Plasmodium knowlesi is the most common cause of malaria in Malaysia. However, microscopic diagnosis is inaccurate and rapid diagnostic tests (RDTs) are insufficiently sensitive. PCR is sensitive and specific but not feasible at a district level. Loop-mediated isothermal amplification (LAMP) shows potential with only basic requirements. A commercially available LAMP assay, the Eiken Loopamp™ MALARIA Pan Detection kit, is sensitive for Plasmodium falciparum and Plasmodium vivax, but has not previously been evaluated for P. knowlesi. This study aims to determine the sensitivity of this LAMP assay for detecting P. knowlesi infection.
Study participants included 73 uncomplicated malaria patients with PCR species confirmation: 50 P. knowlesi, 20 P. falciparum and 3 P. vivax. Nineteen malaria-negative, non-endemic area controls were also included. The sensitivity of the Eiken Loopamp™ MALARIA Pan Detection kit (Pan LAMP) for detecting each Plasmodium species was evaluated. Sensitivity and specificity of the Eiken Loopamp™ MALARIA Pf Detection kit ( Pf LAMP) for P. falciparum were also determined. The limit of detection for each LAMP assay was evaluated, with results compared to PCR. All P. knowlesi patients were also tested by CareStart™ (Pf/VOM) and OptiMAL-IT™ (Pan/Pf) RDTs.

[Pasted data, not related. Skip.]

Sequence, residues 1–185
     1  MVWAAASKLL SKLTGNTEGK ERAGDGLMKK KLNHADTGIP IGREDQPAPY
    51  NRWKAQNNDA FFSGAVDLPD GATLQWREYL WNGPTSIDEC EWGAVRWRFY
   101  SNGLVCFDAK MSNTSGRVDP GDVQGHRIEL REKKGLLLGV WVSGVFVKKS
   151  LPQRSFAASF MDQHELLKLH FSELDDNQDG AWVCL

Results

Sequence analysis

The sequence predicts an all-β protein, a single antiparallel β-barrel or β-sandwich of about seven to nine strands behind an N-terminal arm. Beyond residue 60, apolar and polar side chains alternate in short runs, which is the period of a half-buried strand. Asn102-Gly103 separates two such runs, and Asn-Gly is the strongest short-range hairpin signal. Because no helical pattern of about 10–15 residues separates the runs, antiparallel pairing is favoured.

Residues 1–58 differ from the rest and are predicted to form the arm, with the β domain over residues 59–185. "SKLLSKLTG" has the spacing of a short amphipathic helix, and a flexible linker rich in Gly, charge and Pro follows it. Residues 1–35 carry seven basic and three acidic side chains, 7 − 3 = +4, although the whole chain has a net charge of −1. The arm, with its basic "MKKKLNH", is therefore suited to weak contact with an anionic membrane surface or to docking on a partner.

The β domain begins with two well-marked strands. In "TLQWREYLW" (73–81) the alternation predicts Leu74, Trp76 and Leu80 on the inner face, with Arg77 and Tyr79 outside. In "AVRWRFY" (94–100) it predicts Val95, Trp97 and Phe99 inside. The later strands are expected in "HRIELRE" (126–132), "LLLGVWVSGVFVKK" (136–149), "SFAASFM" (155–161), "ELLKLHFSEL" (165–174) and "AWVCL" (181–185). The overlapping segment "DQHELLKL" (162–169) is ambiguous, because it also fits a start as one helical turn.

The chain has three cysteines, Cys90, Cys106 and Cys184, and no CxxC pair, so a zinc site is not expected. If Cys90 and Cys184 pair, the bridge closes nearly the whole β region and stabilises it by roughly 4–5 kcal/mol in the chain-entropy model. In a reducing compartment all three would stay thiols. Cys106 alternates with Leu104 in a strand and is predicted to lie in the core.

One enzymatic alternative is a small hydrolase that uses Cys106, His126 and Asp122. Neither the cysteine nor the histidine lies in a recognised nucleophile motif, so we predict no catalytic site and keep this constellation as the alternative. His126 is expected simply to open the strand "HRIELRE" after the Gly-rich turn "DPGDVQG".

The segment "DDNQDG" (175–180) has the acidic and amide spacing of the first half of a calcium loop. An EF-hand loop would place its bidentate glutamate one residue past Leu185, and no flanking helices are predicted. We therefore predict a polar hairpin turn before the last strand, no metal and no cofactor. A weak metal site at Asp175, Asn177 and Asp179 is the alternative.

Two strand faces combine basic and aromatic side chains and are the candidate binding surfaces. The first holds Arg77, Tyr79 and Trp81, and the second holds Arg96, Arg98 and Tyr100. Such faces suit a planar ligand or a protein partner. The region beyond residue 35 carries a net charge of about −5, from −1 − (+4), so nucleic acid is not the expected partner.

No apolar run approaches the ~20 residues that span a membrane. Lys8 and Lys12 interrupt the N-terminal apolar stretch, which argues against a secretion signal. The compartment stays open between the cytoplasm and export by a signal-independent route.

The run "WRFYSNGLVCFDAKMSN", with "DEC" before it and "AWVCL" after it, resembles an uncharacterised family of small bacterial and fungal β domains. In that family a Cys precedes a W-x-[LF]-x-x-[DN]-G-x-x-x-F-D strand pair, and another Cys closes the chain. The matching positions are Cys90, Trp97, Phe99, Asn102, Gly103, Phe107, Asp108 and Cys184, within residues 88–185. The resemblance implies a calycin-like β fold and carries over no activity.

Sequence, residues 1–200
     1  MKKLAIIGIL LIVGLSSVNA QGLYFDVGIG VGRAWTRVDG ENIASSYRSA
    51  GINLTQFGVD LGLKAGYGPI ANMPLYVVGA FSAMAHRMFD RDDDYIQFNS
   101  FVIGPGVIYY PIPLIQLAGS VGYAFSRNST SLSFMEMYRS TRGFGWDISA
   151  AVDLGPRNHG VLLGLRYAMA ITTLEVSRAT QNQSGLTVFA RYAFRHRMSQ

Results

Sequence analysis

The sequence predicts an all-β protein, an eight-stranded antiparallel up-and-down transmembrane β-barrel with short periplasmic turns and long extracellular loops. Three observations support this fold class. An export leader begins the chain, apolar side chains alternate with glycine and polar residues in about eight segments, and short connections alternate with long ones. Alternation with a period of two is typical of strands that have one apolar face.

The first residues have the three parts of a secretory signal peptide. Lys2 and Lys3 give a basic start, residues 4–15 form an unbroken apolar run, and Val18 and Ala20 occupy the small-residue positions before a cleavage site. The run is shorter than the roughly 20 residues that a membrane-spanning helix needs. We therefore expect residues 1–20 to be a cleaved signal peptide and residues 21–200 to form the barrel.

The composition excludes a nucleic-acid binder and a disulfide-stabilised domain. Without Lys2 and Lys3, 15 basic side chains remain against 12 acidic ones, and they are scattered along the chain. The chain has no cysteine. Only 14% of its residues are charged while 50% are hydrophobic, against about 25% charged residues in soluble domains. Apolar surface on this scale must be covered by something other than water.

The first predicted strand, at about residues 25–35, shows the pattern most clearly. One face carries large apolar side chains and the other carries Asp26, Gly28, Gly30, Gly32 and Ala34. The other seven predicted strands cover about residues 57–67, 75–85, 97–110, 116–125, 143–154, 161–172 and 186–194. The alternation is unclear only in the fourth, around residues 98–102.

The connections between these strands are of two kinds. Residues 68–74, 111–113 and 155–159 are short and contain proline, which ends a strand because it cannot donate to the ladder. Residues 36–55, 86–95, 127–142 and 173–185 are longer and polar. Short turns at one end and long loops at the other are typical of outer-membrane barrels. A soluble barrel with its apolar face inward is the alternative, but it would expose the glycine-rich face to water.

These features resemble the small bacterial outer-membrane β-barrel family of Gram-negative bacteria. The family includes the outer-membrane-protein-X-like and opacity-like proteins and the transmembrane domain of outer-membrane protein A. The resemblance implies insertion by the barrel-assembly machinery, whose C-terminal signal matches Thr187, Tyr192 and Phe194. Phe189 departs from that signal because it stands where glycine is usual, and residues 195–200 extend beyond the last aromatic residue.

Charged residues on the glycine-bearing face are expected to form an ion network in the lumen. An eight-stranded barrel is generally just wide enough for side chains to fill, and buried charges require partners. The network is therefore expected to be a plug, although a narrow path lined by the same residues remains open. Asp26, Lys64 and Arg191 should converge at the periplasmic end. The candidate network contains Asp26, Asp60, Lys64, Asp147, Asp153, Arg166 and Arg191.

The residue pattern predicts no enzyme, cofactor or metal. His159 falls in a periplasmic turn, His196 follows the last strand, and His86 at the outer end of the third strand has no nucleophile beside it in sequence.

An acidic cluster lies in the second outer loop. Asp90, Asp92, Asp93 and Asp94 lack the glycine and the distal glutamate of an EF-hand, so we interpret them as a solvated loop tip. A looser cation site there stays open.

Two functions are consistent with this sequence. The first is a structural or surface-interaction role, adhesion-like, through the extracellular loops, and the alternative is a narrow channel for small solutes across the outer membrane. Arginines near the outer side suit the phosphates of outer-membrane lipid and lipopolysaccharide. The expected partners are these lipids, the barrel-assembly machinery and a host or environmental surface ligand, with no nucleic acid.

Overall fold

The sensitivity of the Pan LAMP assay was 100% for P. knowlesi (95% CI 92.9–100), P. falciparum (95% CI 83.2–100), and P. vivax (95% CI 29.2–100). The Pf LAMP was 100% sensitive and specific for P. falciparum detection, with all P. knowlesi samples having a negative reaction. LAMP sensitivity was superior to both RDTs, with only 10 and 28% of P. knowlesi samples testing positive to CareStart™ and OptiMAL-IT™, respectively. Limit of detection using the Pan LAMP for both P. knowlesi and P. vivax was 2 parasites/μL, comparable to PCR. For P. falciparum both the Pan LAMP and Pf LAMP demonstrated a limit of detection of 20 parasites/μL.
The Eiken Loopamp™ MALARIA Pan Detection kit is sensitive for detection of P. knowlesi in low parasitaemia clinical infections, as well as P. falciparum and P. vivax. However, a P. knowlesi-specific field assay in a simpler format would assist correct species identification and initiation of optimal treatment for all malaria patients.